The dialect used by Naylor in Mama Day reminded me of how the characters in The Bluest Eye and The Color Purple spoke to each other. By using such verbiage the reader is brought into the space of the reader, and can easily assume their background and upbringing. My previous reading experiences make me appreciate this style of writing because it makes it easier for the reader to engulf themselves into the environment of the piece. Besides the verbiage, Naylor did a great job at painting a picture for the type of environment the characters were in, and how the culture of the area affected them throughout the story. Naylor’s use of first-person narration allows the reader to fit themselves into the story easily and gain an insiders perspective without bombarding them with historical references and facts on the community’s history.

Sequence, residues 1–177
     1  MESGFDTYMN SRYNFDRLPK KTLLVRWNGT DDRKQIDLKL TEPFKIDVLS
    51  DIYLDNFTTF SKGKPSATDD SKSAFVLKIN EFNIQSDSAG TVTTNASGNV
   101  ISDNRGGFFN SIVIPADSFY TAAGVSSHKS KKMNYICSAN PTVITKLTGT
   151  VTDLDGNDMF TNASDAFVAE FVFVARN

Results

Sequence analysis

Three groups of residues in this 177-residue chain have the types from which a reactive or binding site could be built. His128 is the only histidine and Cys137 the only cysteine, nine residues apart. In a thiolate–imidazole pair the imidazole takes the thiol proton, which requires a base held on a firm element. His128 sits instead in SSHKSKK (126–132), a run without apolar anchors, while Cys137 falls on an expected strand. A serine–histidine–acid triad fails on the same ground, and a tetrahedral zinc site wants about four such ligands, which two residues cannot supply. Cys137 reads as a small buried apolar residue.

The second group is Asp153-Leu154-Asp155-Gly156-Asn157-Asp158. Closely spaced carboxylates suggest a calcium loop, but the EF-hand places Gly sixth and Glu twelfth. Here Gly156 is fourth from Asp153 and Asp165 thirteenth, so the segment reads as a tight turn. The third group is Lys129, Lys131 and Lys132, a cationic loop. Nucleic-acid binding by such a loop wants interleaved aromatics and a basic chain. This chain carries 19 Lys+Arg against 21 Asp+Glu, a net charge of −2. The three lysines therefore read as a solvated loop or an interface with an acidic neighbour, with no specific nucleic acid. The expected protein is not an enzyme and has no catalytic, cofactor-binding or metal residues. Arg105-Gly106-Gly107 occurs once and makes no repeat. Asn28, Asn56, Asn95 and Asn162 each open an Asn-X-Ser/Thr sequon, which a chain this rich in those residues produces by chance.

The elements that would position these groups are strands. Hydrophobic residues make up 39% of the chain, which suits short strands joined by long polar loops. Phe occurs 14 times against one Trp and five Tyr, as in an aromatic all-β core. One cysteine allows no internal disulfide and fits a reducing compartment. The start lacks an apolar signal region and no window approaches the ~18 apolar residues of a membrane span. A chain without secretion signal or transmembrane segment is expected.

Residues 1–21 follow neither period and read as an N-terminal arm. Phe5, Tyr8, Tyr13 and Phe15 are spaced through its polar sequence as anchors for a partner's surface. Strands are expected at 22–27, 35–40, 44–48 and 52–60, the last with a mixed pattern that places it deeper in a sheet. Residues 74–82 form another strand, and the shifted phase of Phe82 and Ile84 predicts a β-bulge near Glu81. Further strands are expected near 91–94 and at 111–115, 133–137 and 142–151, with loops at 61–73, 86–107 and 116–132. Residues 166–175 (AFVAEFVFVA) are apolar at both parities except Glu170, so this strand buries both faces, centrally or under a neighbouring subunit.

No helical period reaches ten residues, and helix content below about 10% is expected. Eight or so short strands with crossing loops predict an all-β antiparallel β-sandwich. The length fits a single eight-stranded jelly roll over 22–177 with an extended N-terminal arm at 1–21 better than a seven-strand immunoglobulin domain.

Something that I missed the first time I read the story was the importance of the 18 & 23 code that was used repeatedly throughout the piece. After my first reading I felt like I missed a bunch of the story, because I did not necessarily understand the reason for that dialect. The second reading cleared it up for me,and after I discovered its meaning I appreciated the text more for not blatantly describing it to the reader. Trusting in the reader’s ability to dissect the information presented to them and garter meaning of it is a great way to keep reader’s engaged and leave an imprint on the reader. Personally, I know that coding made the story more memorable.